Volunteer Together
Thanksgiving is a great time to give back to your community and help those in need — and it’s one of the richest customs you can incorporate into your family’s holiday. How and where you choose to volunteer depends on the age of your children, but there are tons of ways to give back — simply research local volunteer opportunities in your area. Whether you work at a local soup kitchen, volunteer to serve a church supper (or even run a Turkey Trot, which typically benefits a local charity), the rewards are great and wide-reaching.

Try a Turkey Trot
Have all your family members sign up for a  turkey trot  and run it together. This is a fun way to get some exercise before digging into the bird. The oldest known Turkey Trot footrace took place in Buffalo NY in 1896, and that one's still one of the largest in the country. There are about 1,000 races to choose from across the country, making Thanksgiving the most popular day of the year to run. (Sorry, Halloween.) For even more fun, dress up in silly costumes and laugh all the way to the finish line.

Kick Off the Holiday Season
These days, the December holiday season kicks off the second the last bite of pumpkin pie is eaten. Don’t try to fight it. Embrace it. Have matching Christmas pajamas for all the kids and they all get them on Thanksgiving night.

Leave Room at the Table
Whether it’s due to location or strained relationships, fact is, not everyone has a place at a Thanksgiving table. Do your part to change that in whatever small way you can.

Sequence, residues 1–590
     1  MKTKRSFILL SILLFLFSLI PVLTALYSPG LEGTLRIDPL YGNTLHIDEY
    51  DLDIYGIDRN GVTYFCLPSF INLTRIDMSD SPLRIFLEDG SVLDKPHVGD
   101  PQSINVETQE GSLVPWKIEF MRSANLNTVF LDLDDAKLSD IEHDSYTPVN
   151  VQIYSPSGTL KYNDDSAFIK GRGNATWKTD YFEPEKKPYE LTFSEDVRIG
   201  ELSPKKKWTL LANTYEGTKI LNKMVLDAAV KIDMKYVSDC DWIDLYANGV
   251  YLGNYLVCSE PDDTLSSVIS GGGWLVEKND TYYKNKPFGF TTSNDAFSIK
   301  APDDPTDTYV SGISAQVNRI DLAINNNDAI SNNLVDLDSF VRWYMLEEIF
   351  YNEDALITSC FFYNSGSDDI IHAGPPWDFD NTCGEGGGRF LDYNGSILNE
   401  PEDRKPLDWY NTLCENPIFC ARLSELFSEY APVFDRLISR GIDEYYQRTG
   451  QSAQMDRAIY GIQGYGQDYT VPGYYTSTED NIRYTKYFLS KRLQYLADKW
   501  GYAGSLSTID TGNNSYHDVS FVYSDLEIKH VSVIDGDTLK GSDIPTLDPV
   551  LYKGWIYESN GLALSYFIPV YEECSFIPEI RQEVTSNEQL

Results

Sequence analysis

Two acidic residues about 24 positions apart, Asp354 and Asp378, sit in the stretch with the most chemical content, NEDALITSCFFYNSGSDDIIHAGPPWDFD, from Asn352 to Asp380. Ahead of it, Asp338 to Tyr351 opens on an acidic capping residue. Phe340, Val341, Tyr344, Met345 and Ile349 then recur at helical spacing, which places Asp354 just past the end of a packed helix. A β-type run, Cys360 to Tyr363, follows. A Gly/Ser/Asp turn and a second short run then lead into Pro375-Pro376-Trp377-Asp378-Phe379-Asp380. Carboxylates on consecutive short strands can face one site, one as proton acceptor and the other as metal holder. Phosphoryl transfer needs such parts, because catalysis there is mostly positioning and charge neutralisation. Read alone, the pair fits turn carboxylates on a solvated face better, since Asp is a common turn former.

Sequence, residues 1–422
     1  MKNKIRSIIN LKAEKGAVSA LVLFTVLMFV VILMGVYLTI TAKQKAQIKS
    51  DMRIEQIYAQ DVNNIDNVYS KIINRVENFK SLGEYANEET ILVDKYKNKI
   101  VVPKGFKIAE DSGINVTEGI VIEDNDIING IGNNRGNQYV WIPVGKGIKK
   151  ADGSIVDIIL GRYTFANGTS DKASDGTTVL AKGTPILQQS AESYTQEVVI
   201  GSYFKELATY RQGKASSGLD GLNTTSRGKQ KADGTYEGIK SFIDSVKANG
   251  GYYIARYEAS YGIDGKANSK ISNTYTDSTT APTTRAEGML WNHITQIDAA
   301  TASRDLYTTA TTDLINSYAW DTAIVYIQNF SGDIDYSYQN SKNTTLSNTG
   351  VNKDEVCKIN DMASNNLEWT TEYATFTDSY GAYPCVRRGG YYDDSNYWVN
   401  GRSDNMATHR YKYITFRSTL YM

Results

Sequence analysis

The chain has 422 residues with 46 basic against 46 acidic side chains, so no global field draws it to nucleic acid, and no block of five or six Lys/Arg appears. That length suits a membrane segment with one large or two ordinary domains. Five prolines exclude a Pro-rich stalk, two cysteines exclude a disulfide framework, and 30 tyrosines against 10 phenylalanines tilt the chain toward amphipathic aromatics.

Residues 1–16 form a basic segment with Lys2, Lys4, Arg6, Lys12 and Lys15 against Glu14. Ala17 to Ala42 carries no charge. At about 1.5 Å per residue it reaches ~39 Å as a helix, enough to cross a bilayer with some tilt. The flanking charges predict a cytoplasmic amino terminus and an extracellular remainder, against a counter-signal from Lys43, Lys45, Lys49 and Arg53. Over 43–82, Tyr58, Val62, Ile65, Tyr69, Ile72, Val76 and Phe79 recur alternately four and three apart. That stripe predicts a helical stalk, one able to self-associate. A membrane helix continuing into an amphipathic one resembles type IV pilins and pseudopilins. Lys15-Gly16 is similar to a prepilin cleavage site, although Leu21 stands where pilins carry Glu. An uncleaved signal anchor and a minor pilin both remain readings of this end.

Extend an invitation to an elderly neighbor whose family can’t visit or a coworker who’s far from home and if they opt to stay home, take them a plate.” 
Make a Thankful Jar
If you have a few weeks to prep for Thanksgiving, try instituting a “thankful jar” in a prominent place in your home. Leave a stack of sticky notes and a pen beside the jar, and ask your family to contribute notes to the jar whenever they feel grateful.
Whether it’s being thankful for soccer practice or gratitude toward a family member for helping with chores, it just takes a couple of minutes to scribble a note and drop it in the jar. Then, at Thanksgiving dinner, you can take each note out and read it aloud. You can even have everyone guess whose is whose. 
Go on a Tech Fast
Conversation and bonding at the dinner table can easily give way to scrolling through your Facebook feed while your kids text their friends. Instead, try taking a tech fast for the entire day. Ask that guests plop their phones into a basket when they walk into your home, and keep their hands off while you eat dinner and spend time together. You’ll be amazed at how much quality time you enjoy with your family when your attention isn’t being constantly disrupted by your social networking, text messages, and email.
Capture the Moments
Pick up a Polaroid camera and snap pics of everyone around the table. Add the date to these pictures, and then each year use these pictures as part of your future Thanksgiving decorations.
Draw Your Thanks on the Tablecloth for a Keepsake.
Cover the holiday table with a white tablecloth. Place glasses filled with permanent cloth markers around the table. Ask your guests to write or even draw what they are thankful for or just something fun, like their favorite Thanksgiving memory. Keep the tradition going and use this cloth for every thanksgiving after that and have your guests continue to write what they are thankful for. It’s fun to see how people change, and it’s a powerful way to remind us what the holiday is all about.
Plant Secret Messages
While cooking, hide messages (or fortunes) in your biscuits or crescent rolls. When guests bite into the biscuit, they’ll be in for a fun surprise. And, each year, your guests will look forward to what they may find.

Gratitude Note Place Cards
When you set the table for dinner have a place card at each setting. In addition to each person’s name, include a reason you are thankful for that person.